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The authors thank the families and participants of the University of California Davis Alzheimer’s Disease Center for their generous donations. The authors would also like to thank the Department of Pathology and Laboratory Medicine at the University of California Davis for the use of their Aperio Scan scope and Kelsey Erickson and Justin Athey for aiding with slide scanning. This study was funded by a NIH P30 AG010129 grant (B.N.D., C.D., L.-W.J., and L.B.), a Paul G. Allen Family Foundation Distinguished Investigator Award (M.J.K.), and the China Scholarship Council (Z.T.). These agencies had no role in any aspect of the study, including study design, data collection, analysis, or writing.

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  1. Department of Pharmaceutical Chemistry, Department of Bioengineering and Therapeutic Sciences, Institute for Neurodegenerative Diseases, and Bakar Computational Health Sciences Institute, University of California, San Francisco, 675 Nelson Rising Ln Box 0518, San Francisco, CA, 94143, USA

    • Ziqi Tang
    • , Kangway V. Chuang
    •  & Michael J. Keiser
  2. School of Pharmaceutical Sciences, Tsinghua University, 100084, Beijing, China

    • Ziqi Tang
  3. Department of Neurology, University of California-Davis School of Medicine, 4860 Y Street Suite 3700, Sacramento, CA, 95817, USA

    • Charles DeCarli
  4. Department of Pathology and Laboratory Medicine, University of California-Davis School of Medicine, 2805 50th Street, Sacramento, CA, 95817, USA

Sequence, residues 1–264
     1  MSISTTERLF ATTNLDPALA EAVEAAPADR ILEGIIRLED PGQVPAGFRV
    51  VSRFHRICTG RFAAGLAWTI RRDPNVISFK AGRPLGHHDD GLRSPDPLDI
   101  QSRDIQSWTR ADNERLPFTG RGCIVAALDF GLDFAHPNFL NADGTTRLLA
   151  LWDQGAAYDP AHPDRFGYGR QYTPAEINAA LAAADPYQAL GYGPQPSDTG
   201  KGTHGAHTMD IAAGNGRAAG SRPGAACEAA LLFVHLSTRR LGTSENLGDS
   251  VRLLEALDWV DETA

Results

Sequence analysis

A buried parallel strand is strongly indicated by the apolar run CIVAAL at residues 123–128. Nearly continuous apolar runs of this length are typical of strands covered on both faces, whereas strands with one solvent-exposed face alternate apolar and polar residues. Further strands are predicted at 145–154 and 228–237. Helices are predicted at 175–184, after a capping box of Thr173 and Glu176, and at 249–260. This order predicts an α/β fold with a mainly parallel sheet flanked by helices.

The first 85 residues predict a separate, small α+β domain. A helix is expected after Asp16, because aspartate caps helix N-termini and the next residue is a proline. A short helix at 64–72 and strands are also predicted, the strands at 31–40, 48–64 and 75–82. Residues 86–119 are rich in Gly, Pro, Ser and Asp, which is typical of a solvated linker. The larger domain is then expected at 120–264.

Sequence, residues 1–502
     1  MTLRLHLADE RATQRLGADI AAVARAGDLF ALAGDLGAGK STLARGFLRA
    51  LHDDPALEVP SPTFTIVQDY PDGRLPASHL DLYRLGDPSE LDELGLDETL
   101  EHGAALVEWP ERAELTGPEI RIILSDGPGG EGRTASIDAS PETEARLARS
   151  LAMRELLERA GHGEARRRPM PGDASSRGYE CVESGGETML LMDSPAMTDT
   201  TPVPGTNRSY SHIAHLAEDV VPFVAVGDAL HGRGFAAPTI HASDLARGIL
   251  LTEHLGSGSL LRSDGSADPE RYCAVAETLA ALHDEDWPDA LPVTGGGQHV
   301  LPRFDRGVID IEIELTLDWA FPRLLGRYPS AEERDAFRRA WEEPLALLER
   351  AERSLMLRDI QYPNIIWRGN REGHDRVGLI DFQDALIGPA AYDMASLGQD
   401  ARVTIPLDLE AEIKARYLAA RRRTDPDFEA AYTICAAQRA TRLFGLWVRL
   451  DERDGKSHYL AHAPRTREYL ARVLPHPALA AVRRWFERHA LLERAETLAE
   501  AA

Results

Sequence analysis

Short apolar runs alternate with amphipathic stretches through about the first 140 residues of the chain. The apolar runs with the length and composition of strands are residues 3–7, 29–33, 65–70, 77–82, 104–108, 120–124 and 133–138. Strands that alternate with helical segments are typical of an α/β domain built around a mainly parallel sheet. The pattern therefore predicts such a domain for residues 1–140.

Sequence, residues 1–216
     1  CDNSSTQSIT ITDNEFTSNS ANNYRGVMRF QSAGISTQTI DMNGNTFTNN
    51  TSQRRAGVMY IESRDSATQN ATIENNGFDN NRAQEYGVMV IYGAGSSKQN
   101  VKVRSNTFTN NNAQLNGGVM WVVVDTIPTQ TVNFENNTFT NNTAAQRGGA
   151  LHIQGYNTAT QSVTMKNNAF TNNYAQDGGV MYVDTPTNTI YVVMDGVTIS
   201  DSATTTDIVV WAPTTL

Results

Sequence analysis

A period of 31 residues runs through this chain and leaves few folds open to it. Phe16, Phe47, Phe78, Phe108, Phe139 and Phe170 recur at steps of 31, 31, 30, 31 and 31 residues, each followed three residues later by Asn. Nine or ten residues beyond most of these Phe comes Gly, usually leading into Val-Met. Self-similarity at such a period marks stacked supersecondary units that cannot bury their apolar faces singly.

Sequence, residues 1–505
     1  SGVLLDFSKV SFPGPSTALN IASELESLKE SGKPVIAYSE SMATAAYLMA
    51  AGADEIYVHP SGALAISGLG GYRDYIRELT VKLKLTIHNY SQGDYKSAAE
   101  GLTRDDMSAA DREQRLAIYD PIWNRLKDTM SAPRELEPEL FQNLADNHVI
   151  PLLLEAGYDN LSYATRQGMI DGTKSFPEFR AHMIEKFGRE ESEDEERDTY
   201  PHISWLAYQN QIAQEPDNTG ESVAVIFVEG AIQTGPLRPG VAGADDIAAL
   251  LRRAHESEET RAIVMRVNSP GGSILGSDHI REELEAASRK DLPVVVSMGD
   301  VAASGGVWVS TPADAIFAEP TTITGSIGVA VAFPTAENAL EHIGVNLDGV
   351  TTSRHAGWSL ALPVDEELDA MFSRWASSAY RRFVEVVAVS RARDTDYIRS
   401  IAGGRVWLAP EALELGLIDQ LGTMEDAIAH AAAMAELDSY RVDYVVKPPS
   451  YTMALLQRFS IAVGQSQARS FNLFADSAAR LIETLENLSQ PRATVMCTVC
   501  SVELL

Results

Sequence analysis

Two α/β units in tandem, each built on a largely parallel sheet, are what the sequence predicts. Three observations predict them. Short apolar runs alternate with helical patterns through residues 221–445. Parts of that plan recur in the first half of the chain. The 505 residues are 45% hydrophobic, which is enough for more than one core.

• Lee-Way Jin
  5. Department of Public Health Sciences, University of California-Davis, Medical Science, 1C One Shields Avenue, Davis, CA, 95616, USA

    • Laurel Beckett
  6. Department of Pathology and Laboratory Medicine, University of California-Davis School of Medicine, 3400A Research Building III Sacramento, Davis, CA, 95817, USA

    • Brittany N. Dugger


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The studies were conceptualized, results analyzed, and manuscript drafted by Z.T., K.V.C., M.J.K., and B.N.D. Z.T. and K.V.C. wrote the code, performed the computational experiments, trained the models, and wrote the first draft of the manuscript, with guidance from M.J.K. and B.N.D. C.D., L.-W.J., and B.N.D. provided clinical and neuropathology work-up for case classifications and data interpretation. L.B. provided supervision of statistical analysis and interpretation of data. B.N.D. provided case selection and annotations, and neuropathology data interpretation. B.N.D. and M.J.K. provided overall study supervision. All authors were involved in critical revisions of the manuscript, and have read and approved the final version.

Competing interests

C.D. is a consultant to Novartis. M.J.K. is a consultant to Daiichi Sankyo. B.N.D. has received previous funding from Daiichi Sankyo unrelated to this project. The remaining authors declare no competing interests.

Corresponding authors

Correspondence to Michael J. Keiser or Brittany N. Dugger.